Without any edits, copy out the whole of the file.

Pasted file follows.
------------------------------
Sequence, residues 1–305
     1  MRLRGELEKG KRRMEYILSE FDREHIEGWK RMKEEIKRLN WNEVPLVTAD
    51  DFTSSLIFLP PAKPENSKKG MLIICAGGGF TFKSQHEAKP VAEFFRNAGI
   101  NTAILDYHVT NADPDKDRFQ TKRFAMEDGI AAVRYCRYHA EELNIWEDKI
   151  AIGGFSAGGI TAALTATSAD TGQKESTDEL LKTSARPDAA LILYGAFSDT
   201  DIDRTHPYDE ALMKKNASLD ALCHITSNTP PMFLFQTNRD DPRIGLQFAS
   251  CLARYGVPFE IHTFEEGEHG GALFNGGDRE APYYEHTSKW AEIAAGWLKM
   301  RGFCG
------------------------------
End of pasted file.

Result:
Sequence, residues 1–305
     1  MRLRGELEKG KRRMEYILSE FDREHIEGWK RMKEEIKRLN WNEVPLVTAD
    51  DFTSSLIFLP PAKPENSKKG MLIICAGGGF TFKSQHEAKP VAEFFRNAGI
   101  NTAILDYHVT NADPDKDRFQ TKRFAMEDGI AAVRYCRYHA EELNIWEDKI
   151  AIGGFSAGGI TAALTATSAD TGQKESTDEL LKTSARPDAA LILYGAFSDT
   201  DIDRTHPYDE ALMKKNASLD ALCHITSNTP PMFLFQTNRD DPRIGLQFAS
   251  CLARYGVPFE IHTFEEGEHG GALFNGGDRE APYYEHTSKW AEIAAGWLKM
   301  RGFCG